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Consider questions of the form (or the "most probable value of" version of these questions rather than the "largest possible"),

  • What is the largest possible spectral radius of a $n \times n$ matrix with entries in $\{0,1,-1 \}$ ?

  • What is the largest possible spectral radius of a $n \times n$ matrix with entries in $\{0,1,-1 \}$ and has $d$ non-zero entries ? (or an "at most d" version of this)

  • What is the largest possible spectral radius of a $n \times n$ matrix with entries in $\{0,1,-1 \}$ and which has $d$ non-zero entries in every row and/or column? (or an "at most d" version of this)


What methods or techniques we have to answer such things? Any reference would be helpful.


One can restrict the matrices to be symmetric if necessary or to have $0$s along the diagonals if necessary. Or feel free to replace the set $\{0,1,-1\}$ by some other finite set if that makes things better.

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    $\begingroup$ The matrix with all $1$'s has spectral radius $r=n$, and this is obviously largest possible (normalize the eigenvector so that its largest entry is $1$). $\endgroup$ – Christian Remling May 21 '15 at 23:00
  • $\begingroup$ Yeah. The first question is trivial. Should have noticed that. Though even in the first question the "most probable value of" version is not obvious to me. $\endgroup$ – user6818 May 21 '15 at 23:02
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An easy argument that gives at least asymptotically the correct answer to the second question is obtained by considering the Hilbert-Schmidt norm: $\| A\|_2^2=\sum |a_{jk}|^2 = d$ and also $\|A\|_2^2 = \sum s_j(A)^2$ and $s_1(A)=\|A\|\ge r(A)$. So this shows that $r(A)\le\sqrt{d}$ for a matrix with $d$ non-zero $\pm 1$ entries.

Moreover, if $k^2\le d < (k+1)^2$, then you can get a matrix with $r(A)\ge k$ by putting a $k\times k$ block of $1$'s somewhere (and keeping the matrix symmetric, so that min-max can be used to see that the largest eigenvalue of this matrix is $\ge$ the largest eigenvalue $\lambda=k$ of the block of $1$'s); in fact, a more careful version of this argument produces slightly better bounds.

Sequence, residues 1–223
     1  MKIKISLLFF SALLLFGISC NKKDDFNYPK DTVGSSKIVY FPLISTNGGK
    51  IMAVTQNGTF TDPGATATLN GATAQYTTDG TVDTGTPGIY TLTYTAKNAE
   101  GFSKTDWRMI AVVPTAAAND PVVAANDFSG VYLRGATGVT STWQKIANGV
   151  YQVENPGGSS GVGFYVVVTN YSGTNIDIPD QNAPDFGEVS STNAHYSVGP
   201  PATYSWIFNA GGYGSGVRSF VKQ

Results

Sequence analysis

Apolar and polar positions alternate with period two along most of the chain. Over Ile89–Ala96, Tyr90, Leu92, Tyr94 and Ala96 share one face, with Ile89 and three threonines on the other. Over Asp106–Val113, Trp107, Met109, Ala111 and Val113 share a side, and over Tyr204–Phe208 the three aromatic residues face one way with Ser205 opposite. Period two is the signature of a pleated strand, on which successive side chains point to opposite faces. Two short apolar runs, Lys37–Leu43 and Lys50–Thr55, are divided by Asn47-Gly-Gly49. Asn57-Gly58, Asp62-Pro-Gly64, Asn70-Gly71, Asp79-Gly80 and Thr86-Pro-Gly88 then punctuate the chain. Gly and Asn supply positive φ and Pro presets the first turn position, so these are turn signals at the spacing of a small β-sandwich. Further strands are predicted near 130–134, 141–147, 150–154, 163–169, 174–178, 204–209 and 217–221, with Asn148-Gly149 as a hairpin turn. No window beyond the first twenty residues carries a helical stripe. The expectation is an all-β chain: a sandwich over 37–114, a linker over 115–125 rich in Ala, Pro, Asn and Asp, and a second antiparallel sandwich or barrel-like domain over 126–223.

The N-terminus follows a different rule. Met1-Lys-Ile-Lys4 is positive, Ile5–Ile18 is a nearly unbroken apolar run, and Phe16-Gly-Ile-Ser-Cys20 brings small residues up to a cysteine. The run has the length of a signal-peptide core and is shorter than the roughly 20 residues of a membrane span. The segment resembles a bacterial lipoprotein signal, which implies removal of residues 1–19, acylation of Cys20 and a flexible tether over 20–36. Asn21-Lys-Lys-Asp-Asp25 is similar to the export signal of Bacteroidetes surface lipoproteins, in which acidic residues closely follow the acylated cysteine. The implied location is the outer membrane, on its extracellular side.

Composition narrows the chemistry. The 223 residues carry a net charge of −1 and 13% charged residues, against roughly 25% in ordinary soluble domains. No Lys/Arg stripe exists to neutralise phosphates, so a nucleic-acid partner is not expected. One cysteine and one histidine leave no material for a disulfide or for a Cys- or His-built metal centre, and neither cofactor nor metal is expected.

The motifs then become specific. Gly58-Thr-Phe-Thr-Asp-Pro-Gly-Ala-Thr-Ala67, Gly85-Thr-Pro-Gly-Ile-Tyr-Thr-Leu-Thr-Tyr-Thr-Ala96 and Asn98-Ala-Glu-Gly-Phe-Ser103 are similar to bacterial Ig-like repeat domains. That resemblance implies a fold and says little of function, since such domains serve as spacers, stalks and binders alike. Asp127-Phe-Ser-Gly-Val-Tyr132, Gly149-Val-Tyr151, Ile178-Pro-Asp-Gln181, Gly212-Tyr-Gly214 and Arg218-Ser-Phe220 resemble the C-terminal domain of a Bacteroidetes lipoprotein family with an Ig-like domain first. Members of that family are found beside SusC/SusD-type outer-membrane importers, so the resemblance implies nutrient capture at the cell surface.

In general, $r(A)=\sqrt{d}$ is not always possible, though, as you can see from small examples ($d=n=2$).

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By Gerschgorin's Circle Theorem, if the number of nonzero entries in each row is at most $d$, the spectral radius is at most $d$. This bound is attained e.g. in a case where there are $d$ $1$'s in each row and no $-1$'s, with eigenvector $(1,\ldots,1)^T$ for eigenvalue $d$.

EDIT: If the matrix has at most $d$ nonzero entries, the spectral radius is at most $ (d+1)/2$. This follows from the following facts:

  1. The spectrum is contained in the numerical range, so the spectral radius is at most the numerical radius.
  2. The numerical radius is a norm.
  3. The numerical radius of a diagonal matrix with entries of $\pm 1$ and $0$ on the diagonal is $1$.
  4. The numerical radius of a matrix with a single off-diagonal entry of $\pm 1$ and all else $0$ is $1/2$.

This estimate does not seem to be sharp (except of course if $d=1$).

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  • $\begingroup$ This applies only when the entries are restricted to be from the set $\{ 0,1,-1\}$? (And is there a column version of this? Or restriction to symmetric ? Or with 0 on the diagonal version of this?) $\endgroup$ – user6818 May 21 '15 at 23:51
  • $\begingroup$ Yes, this is with entries from $\{0,1,-1\}$. Since $M$ and $M^T$ have the same spectrum, it's true for columns as well. $\endgroup$ – Robert Israel May 21 '15 at 23:53

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